Source: Matre, D., Knardahl, S., & Nilsen, K. B. (2017). Scandinavian journal of work, environment and health.
http://dx.doi.org/10.5271/sjweh.3627

Évaluer les interventions de prévention des RPS - TMS

Ce guide pratique accompagne étape par étape les intervenants dans leur démarche d'évaluation. Il propose des apports méthodologiques sur l'évaluation, des exemples illustratifs et une grille regroupant les conséquences potentielles des démarches de prévention des risques psychosociaux (RPS) et trouble musculosquelettiques (TMS). Il est accompagné du " Document d'évaluation de mon intervention " que l'intervenant pourra renseigner au fur et à mesure de sa démarche.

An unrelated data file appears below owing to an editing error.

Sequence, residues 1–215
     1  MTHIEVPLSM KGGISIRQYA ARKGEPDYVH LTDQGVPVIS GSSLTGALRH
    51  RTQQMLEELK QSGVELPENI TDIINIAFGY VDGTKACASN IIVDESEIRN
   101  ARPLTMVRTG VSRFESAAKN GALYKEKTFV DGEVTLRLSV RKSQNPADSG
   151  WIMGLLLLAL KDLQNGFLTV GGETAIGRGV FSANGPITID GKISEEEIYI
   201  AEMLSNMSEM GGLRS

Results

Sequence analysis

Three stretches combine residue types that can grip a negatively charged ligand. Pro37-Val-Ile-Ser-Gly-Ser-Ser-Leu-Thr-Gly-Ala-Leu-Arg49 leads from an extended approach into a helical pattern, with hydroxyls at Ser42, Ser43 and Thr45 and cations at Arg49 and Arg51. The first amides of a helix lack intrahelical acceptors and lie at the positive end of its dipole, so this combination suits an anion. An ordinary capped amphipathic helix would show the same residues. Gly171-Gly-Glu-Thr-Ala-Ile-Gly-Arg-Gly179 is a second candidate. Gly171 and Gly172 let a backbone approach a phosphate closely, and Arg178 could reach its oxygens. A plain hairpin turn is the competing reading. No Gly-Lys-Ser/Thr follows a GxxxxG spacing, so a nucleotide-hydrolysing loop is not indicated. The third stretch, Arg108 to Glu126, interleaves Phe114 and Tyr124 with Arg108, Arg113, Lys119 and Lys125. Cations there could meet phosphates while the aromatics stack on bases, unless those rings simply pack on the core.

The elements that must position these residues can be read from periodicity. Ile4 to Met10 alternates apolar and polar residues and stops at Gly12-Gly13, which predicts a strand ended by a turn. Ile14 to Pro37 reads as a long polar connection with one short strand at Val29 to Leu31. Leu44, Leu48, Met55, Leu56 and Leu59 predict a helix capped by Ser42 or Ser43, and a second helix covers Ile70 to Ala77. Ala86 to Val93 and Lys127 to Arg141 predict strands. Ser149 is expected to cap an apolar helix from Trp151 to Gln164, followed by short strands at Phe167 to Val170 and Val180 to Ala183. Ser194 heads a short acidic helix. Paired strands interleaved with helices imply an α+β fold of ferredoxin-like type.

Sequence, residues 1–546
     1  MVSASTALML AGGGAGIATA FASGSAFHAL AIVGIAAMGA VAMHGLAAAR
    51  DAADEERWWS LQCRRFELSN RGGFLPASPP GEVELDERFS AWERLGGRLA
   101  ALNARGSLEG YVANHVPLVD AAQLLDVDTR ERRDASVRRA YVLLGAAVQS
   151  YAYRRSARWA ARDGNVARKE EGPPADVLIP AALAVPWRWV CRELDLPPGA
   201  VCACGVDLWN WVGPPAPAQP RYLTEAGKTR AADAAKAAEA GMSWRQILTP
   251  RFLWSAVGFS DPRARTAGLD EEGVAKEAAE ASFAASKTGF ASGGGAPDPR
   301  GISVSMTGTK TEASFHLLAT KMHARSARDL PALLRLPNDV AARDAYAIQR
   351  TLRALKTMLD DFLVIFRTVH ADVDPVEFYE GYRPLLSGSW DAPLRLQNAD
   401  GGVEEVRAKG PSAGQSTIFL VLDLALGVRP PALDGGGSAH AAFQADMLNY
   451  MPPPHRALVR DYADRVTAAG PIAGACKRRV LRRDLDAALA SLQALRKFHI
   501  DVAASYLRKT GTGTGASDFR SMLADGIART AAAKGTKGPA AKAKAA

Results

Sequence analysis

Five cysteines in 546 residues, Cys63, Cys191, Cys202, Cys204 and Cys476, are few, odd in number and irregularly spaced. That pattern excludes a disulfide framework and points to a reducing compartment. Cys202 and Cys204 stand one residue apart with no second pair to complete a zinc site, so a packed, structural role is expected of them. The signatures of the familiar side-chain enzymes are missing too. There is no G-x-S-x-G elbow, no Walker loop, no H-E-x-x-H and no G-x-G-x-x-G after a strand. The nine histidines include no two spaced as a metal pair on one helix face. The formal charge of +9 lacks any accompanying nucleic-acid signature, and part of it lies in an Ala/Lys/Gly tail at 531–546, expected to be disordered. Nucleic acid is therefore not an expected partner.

La démarche proposée permet de mesurer un large éventail des effets qu'une intervention produit et de les analyser au regard des méthodes mises en oeuvre et de la singularité des contextes rencontrés. Elle permet ainsi de mettre en valeur toute la richesse, la diversité et la complexité des interventions de prévention. 

Source: http://www.inrs.fr/media.html?refINRS=CC%2018

Workplace Bullying and Presenteeism

The Path Through Emotional Exhaustion and Psychological Wellbeing
Objective: Workplace bullying is an increasing phenomenon that concerns managers and employees. However, few studies have investigated how workplace bullying relates with work-related exhaustion and indicators of productivity loss due to presenteeism. Thus, the aim of the present study was to examine the intervening variables of emotional exhaustion and psychological wellbeing in the direct and indirect relationships between workplace bullying and indicators of productivity loss due to presenteeism.